Comments by Martin McGuinness speaking on Capitol Hill, Washington in response to the IRA statement.
I warmly welcome today's statement and I commend the IRA for this decisive initiative. It contains the potential to unlock the political stalemate that has frozen the Irish peace process and the implementation of the Good Friday Agreement. There is now an inescapable responsibility on the British and Irish governments to push urgently ahead with the implementation of the Agreement and, also, on the leadership of unionism to finally accept the principles of power sharing, equality and human rights.
Britain's role in Ireland has historically been negative and divisive. We have seen the consequence of this in every generation particularly since the partition of the island, against the wishes of the Irish people, 80 years ago.
Today's momentous decision by the IRA creates an opportunity to resolve these historic difficulties peacefully and democratically. This places an enormous responsibility on all of us to seize this opportunity to ensure that conflict never happens again. We can do this by making politics work. There is a particular responsibility on all of us who argued that there is a political and peaceful way forward to prove this case by delivering real and meaningful progress. Irish republicans, and friends of Irish freedom across the world, including the huge Irish American community in the United States, must now take the lead role in the unfinished struggle for Irish unity, for justice and for freedom. That is now our collective responsibility and I welcome the very tangible expression of support that is being offer here today both in the Congress and the Senate.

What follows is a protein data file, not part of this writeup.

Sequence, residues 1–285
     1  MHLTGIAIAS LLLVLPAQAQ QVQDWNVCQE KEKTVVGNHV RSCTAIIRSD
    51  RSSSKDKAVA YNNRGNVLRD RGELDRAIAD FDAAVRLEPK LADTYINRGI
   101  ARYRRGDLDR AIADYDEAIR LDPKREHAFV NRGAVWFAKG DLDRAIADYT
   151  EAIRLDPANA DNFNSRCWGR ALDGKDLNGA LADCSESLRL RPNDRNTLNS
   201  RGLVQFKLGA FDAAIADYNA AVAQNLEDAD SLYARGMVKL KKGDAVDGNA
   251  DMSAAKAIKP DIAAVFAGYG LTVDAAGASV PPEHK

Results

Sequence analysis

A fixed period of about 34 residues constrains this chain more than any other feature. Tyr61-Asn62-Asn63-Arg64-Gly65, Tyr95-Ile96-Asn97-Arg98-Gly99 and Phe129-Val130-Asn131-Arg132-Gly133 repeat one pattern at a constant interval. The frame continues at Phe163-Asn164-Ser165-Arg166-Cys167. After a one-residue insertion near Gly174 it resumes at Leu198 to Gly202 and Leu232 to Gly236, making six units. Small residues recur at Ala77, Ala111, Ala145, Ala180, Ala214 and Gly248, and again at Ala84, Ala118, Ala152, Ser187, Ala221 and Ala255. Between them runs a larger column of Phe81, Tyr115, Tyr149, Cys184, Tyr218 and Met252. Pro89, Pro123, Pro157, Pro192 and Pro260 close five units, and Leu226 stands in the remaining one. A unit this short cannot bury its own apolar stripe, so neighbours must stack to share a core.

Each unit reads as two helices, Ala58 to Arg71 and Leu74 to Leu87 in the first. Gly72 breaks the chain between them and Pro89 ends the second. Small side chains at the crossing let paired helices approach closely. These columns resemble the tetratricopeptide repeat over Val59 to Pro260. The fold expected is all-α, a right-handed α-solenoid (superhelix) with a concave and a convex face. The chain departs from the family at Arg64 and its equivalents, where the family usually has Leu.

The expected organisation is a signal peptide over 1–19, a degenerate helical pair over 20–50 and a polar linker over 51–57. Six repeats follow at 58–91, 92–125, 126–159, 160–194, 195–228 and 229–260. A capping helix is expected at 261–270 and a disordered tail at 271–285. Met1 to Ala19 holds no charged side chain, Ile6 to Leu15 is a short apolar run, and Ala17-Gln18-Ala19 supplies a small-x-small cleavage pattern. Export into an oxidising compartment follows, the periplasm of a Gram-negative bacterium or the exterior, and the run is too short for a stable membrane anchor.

The two governments have an urgent duty to implement the Agreement in all its aspects. In particular this means that the British government must stop pandering to negative unionism and those in their own system who seek peace only on their own terms. The British government must energetically address the demilitarisation, equality and human rights agendas urgently. The deprived communities who have suffered discrimination, injustice, inequality and repression must see immediate change. The Irish government must begin to act, as it has never done, to protect the rights and entitlements of all its citizens, particularly those locked, against their will, into the British partitioned state in the north of Ireland. Unionists who are for peace and for agreement must end their ambivalence and accept the need to tackle inequality, injustice and sectarianism. And Ian Paisley's party, the DUP, must now to decide if they want to put the failed past behind them, to end the intolerance, bigotry and triumphalism and to make peace with their Irish nationalist neighbours, north and south.
If others in political leadership here in the United States, in Britain and in Ireland respond to today's IRA statement in a spirit of generosity and openness, the faltering Irish peace process can be revived and successfully. The way forward is dialogue, negotiation and accommodation. And in a world beset with conflict and division, the success of the Irish peace process can offer much needed hope for the future.